As we approach the one-year anniversary of the onset of the COVID-19 pandemic in the U.S., many businesses continue to struggle. The ones that could not sustain themselves during these difficult times have closed their doors. The ones that have been fortunate enough to remain open are trying to figure out how to meet the needs of their internal and external stakeholders.
Focusing on People
The global pandemic requires us to think differently about how people engage with one another. It is no longer “business as usual,” and it will more than likely never be “business as usual” again.
Businesses are hurt, and people are devastated. 2020 hit businesses hard and people harder. We saw social justice and injustice take center stage. We saw a political system take unexpected turns. We saw our education systems try to keep students engaged and families try to balance additional competing priorities, often with little to no additional support. While there is a need to focus on businesses, it is more critical to focus on the people within those businesses. We were scared last year, and many people are still scared.
So, where does that fear go when people show up to work? It does not stay in the parking lock. It does not stay in a purse or a pocket. It comes to the office. It shows up in an email, in an interaction or on a Zoom call. People are trying to hold it together, but let’s face it: It is not easy, and sometimes people miss the mark.
As business leaders consider new ways to meet strategic goals, they must also consider how to incorporate staff wellness as part of their goals. They must also consider how to keep business operations moving while understanding that people may be distracted. “Space for grace” should become part of the values of the business. It should not be just a statement but a philosophy modeled across all lines of business and embedded in the culture.
What is “space for grace”? Space for grace allows people to live in the moment and to feel emotions as they are happening, even if they’re at work. Maybe someone will need a little more time to complete an assignment. Maybe someone will need an alternative work schedule. Maybe someone will be a little short or delayed in responding to emails. Maybe an employee resides in a home with an essential worker. Maybe an employee resides in a home with someone who lost his or her job, and now there is only one income. Maybe an employee resides in a home with small children or school-aged children and now has to be a full-time child care provider and teacher while working from home. Maybe an employee resides in the home with three other people who are all competing for internet access.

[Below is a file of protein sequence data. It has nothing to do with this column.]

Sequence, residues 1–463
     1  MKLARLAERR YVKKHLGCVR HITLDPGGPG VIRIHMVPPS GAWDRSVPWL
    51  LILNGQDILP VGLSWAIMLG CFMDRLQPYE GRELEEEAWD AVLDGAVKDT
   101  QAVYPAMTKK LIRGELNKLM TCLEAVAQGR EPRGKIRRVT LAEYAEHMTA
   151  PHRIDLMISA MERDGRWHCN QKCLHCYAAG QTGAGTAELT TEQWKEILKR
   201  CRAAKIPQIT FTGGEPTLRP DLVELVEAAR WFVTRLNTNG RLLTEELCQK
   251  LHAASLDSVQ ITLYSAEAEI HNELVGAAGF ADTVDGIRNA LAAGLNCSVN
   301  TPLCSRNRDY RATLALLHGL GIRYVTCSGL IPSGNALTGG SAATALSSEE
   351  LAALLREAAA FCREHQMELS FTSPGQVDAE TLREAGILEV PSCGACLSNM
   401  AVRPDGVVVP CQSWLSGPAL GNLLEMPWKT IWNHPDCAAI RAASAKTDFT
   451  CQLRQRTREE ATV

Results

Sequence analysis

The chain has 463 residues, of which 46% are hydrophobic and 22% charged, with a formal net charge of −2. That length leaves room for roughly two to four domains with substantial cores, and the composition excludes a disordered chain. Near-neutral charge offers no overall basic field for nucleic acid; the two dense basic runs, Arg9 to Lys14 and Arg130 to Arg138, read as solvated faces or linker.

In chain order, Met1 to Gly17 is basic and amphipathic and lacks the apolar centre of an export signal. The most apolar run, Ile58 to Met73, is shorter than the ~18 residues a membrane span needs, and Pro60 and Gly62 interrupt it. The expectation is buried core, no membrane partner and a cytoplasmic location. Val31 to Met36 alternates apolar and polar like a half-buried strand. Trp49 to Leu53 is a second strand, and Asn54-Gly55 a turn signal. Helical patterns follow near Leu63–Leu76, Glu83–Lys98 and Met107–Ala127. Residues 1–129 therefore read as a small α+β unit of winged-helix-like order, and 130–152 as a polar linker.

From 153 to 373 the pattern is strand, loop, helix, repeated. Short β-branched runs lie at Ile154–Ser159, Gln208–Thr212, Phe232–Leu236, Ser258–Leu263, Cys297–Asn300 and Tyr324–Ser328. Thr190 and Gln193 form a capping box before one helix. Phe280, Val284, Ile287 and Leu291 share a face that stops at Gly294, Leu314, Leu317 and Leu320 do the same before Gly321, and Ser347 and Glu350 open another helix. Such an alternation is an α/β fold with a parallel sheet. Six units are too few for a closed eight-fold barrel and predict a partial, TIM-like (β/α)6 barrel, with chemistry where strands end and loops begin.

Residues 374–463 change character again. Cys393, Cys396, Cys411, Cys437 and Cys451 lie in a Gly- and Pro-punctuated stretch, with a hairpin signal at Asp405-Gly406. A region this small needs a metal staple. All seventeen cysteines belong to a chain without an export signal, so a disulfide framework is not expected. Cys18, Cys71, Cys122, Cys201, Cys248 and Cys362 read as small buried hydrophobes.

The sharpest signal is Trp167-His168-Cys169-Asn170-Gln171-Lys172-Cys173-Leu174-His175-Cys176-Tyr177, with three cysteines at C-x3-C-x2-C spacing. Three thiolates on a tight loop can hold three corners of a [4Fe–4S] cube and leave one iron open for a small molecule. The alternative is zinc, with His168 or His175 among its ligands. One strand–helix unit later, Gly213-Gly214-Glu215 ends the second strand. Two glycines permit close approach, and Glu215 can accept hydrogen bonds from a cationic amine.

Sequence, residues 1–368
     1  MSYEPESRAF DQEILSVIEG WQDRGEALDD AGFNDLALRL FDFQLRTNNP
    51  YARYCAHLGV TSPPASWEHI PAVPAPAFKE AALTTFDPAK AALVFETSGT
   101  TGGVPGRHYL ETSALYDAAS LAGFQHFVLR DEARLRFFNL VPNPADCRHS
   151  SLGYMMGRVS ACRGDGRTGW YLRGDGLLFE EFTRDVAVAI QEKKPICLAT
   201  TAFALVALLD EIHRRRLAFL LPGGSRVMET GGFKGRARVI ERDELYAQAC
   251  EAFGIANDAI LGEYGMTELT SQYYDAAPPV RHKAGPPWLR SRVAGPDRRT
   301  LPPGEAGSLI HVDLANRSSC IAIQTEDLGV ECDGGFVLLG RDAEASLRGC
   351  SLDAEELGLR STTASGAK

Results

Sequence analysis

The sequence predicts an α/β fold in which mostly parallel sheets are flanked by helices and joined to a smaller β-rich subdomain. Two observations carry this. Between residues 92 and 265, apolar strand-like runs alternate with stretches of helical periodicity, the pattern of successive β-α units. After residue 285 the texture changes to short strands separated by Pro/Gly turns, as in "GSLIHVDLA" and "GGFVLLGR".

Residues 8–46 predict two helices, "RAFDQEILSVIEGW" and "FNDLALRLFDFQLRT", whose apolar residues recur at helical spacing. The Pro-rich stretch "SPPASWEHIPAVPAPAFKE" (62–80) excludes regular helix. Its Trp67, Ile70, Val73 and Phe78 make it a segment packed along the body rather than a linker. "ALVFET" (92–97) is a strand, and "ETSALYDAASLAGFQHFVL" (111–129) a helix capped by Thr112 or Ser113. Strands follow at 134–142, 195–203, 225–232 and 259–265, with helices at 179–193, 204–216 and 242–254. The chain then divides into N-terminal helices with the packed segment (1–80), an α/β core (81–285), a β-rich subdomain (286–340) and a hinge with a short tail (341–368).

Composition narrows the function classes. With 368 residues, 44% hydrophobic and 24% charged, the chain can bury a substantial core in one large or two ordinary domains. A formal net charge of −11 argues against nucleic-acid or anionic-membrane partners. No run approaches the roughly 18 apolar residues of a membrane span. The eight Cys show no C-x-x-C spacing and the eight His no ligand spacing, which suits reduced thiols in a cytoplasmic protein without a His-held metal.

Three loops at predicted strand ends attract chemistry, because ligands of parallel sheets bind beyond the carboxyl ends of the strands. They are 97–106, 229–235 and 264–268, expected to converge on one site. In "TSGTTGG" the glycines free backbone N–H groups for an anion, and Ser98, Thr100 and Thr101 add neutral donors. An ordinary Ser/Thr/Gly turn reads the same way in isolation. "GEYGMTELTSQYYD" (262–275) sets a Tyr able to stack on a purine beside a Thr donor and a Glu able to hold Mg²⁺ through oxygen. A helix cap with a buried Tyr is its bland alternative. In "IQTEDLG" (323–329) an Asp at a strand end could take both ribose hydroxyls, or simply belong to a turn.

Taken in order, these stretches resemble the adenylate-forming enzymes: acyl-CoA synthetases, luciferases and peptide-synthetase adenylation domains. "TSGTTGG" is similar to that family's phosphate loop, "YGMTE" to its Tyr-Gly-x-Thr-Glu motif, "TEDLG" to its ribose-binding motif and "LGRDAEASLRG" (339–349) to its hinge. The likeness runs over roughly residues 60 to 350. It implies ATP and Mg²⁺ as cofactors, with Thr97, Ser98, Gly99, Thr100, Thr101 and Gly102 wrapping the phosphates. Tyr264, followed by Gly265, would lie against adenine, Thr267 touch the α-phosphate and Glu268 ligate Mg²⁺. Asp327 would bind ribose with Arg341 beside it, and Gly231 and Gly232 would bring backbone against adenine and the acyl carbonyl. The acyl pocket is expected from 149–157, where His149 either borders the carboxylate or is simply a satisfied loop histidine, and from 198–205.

This has been many people’s reality for almost a year. Space for grace says, ”We understand, and we will make the necessary adjustments to accommodate.”
Leaders’ Space for Grace
Business leaders are not exempt from being human, and it is especially important that they give themselves the same space for grace that they extend to their team members. Leading by example is key. It is important to show that there is no shame in needing space — that there is nothing inappropriate about needing to focus on your family or your personal well-being. This new level of vulnerability and transparency will be a value-add as this journey continues.
Keeping the communication lines open is also key; employees should feel comfortable asking for space. Senior leaders and human resources (HR) practitioners should work to incorporate space for grace into the fabric of the business. Whether you are in a for-profit or nonprofit business, sometimes, you have to put the business of programs and profit aside and focus on the people who make those profits and programs come alive.